Not long after the MAC announced it would explore second-semester seasons for all fall sports, including soccer and volleyball, the Big Ten made its own announcement that seemed ominous given the timing.

Tapping the brakes on football’s preseason, the Big Ten told its schools that until further notice full contact practices cannot begin. All teams will remain in the first two days of what is known as the “acclimatization period,” working out in just helmets. The first Big Ten games of the season are scheduled for Sept. 5.

“As we have consistently stated, we will continue to evaluate daily, while relying on our medical experts, to make the best decisions possible for the health, safety and wellness of our student-athletes,” the Big Ten said in a statement.

The MAC’s schools were facing a significant financial burden by trying to maintain costly COVID-19 protocols, while also dealing with the uncertainty that campuses can be opened safely.

A move to the spring, however, could also be budget-buster if it means less revenue from the ESPN deal, which pays each school about $1 million per year, and football ticket sales. The MAC also shares about $90 million per year in College Football Playoff money with four other conferences.

“It would be naive to say that you don’t give thought and consideration to what the financial ramifications of any decision are, but this was a health and well-being decision first and foremost,” Steinbrecher said. “As we sit here today we don’t know what this will mean financially and how the rest of the fall plays out.”

Steinbrecher said the decision effects only fall sports, not basketball or others that begin in the second semester such as baseball, softball and lacrosse.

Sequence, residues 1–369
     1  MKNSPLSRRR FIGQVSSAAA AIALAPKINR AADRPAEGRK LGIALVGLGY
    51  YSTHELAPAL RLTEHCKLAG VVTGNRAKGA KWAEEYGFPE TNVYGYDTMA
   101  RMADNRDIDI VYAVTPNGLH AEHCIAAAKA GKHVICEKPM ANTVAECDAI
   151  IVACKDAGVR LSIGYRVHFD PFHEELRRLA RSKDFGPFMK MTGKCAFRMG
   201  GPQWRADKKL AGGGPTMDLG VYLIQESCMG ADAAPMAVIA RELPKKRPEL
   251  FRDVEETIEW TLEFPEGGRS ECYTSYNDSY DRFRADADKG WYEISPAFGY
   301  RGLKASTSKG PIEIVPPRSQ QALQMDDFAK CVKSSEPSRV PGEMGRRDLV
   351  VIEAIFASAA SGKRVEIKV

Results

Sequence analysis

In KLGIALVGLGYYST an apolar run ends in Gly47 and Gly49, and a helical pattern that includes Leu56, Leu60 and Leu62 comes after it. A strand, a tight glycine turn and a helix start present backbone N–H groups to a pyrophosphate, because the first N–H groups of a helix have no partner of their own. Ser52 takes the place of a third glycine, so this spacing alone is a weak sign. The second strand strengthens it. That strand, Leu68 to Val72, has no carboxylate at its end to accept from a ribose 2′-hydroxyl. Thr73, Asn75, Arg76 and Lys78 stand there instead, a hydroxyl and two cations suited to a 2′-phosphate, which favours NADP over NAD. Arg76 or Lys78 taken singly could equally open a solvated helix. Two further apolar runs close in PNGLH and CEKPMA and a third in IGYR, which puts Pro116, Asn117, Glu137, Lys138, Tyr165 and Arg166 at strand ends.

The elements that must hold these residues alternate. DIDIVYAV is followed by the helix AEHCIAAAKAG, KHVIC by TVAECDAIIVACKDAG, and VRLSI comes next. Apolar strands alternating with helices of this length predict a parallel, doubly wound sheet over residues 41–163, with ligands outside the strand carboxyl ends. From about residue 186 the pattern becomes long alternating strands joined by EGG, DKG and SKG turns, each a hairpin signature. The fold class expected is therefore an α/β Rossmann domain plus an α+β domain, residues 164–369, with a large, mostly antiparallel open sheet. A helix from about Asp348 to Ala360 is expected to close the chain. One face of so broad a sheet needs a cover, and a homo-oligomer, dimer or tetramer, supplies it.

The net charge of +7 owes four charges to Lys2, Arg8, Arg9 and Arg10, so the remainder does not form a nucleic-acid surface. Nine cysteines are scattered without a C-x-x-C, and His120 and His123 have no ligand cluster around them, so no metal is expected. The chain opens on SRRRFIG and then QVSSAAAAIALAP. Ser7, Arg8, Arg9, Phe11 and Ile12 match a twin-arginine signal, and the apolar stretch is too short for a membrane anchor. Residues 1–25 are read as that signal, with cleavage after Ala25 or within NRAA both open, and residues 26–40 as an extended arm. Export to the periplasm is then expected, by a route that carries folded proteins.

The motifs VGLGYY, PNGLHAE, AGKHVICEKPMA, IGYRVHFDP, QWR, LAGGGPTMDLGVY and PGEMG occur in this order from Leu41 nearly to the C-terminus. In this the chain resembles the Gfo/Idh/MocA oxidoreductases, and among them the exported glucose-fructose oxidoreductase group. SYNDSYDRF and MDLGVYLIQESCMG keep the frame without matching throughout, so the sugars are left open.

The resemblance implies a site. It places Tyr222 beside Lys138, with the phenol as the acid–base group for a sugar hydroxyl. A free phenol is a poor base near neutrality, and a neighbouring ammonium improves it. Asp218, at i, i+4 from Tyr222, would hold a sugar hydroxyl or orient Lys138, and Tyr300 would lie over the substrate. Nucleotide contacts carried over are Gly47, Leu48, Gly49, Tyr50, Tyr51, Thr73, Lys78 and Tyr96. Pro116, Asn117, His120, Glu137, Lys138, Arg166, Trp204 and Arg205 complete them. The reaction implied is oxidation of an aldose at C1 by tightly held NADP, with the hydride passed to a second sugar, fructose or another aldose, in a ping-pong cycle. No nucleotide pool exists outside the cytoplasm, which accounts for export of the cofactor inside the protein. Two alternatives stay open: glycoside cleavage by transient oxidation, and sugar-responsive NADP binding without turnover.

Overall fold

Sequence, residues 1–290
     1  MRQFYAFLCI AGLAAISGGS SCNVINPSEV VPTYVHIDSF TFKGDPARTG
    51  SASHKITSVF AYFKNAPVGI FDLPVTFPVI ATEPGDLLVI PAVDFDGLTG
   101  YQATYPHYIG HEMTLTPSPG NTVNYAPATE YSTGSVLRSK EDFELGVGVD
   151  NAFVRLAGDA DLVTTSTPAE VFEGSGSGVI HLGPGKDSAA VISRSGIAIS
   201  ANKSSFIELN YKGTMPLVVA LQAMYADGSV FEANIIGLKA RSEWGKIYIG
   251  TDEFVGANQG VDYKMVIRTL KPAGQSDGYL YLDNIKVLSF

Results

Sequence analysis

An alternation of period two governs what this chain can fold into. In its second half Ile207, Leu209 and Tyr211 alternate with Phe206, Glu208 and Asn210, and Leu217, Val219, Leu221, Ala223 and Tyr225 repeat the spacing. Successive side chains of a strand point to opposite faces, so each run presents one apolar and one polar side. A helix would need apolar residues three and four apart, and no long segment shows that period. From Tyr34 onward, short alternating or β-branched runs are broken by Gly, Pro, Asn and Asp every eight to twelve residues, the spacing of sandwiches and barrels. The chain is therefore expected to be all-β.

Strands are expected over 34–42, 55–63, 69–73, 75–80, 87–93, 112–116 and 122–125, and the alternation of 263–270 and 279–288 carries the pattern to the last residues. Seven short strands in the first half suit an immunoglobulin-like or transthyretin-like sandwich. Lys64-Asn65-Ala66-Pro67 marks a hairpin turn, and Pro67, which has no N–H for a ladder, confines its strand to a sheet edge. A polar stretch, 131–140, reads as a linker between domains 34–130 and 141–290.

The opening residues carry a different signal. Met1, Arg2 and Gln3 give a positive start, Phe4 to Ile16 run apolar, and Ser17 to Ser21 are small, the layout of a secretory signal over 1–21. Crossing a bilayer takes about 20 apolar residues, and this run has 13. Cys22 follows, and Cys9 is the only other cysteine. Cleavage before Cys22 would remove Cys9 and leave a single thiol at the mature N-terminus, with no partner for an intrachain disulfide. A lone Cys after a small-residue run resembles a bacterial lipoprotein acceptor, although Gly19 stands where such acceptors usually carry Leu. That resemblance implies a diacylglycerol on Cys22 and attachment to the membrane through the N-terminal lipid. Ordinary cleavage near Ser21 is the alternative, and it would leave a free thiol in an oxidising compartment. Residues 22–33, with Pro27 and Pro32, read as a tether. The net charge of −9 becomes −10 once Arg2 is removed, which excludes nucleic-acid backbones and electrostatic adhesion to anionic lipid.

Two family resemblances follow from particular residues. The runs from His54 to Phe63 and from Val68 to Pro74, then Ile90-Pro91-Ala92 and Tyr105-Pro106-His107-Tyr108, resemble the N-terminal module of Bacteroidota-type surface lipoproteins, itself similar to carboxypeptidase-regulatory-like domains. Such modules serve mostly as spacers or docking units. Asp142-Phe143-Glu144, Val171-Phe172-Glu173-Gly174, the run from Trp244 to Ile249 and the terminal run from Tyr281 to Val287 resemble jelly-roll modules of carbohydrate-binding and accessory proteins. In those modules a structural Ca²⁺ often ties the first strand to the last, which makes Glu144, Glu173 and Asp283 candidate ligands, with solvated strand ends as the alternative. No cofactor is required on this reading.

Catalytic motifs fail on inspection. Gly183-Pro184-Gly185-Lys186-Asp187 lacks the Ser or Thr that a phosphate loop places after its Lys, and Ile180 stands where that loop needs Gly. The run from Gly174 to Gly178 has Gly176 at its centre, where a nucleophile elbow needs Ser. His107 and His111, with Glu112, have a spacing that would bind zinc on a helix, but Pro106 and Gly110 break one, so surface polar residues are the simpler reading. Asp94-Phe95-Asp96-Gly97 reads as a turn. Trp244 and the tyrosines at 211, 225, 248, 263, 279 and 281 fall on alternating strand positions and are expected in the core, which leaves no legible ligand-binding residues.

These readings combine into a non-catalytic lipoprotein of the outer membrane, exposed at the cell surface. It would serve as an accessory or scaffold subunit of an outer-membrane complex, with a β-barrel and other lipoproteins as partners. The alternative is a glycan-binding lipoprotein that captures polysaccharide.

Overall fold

He added the decision was unanimous among the membership. Northern Illinois athletic director Sean Frazier, supported by NIU President Lisa Freeman, has been a vocal advocate of delaying the season.

“No one wants to have football or sports more than me,” said Frazier, who played football at Alabama in the late 1980s. “Football gave me all the opportunities I have today, but I can’t do it at the expense of people’s lives.”

Eastern Michigan athletic director Scott Wetherbee said he has been feeling a sense of inevitability for two weeks about the MAC canceling fall football, but can’t predict whether this decision trickles up to other conferences.

“Could it? Certainly. There’s certainly a narrative out there that could happen,” Wetherbee said. “No, it wouldn’t shock me if some followed suit. In fact, it would shock me if some didn’t.”

NCAA chief medical officer Brian Hainline made clear that even though plans for the football season have been adjusted to accommodate potential COVID-19 disruptions like the ones Major League Baseball has had, they are all still aspirational.

“Almost everything would have to be perfectly aligned to continue moving forward,” Hainline said Friday during the NCAA’s weekly video chat on social media.

As the Power Five conferences re-worked their schedules to play exclusively or mostly within their conferences, another of the MAC’s revenue streams dried up.

MAC schools, with athletic budgets in the $30 million range, rely heavily on payouts from road games against power conference teams. Kent State alone had more than $5 million in so-called guarantee games canceled. Whether they can be recouped and when is still to be determined. Without that revenue, the strain became too great of trying to keep players and staff safe during a pandemic.

“Certainly there was a cost attached to it,” Wetherbee said. “But as a league we were prepared to do it.”

The move to try spring football has already been going on in the second tier of Division I.

Nine of 13 conferences that play in the Championship Subdivision, have postponed fall football seasons. The first was the Ivy League in early July.

Now it’s the MAC, which was among the first conferences to limit fan access to its basketball tournament in March as concerns for the virus began to soar across the country. On March 12, the MAC was among many conferences to call off their tournaments hours before the NCAA canceled all of March Madness.

“If you told me in March we’d be here today,” Steinbrecher said, “I’d never have believed it”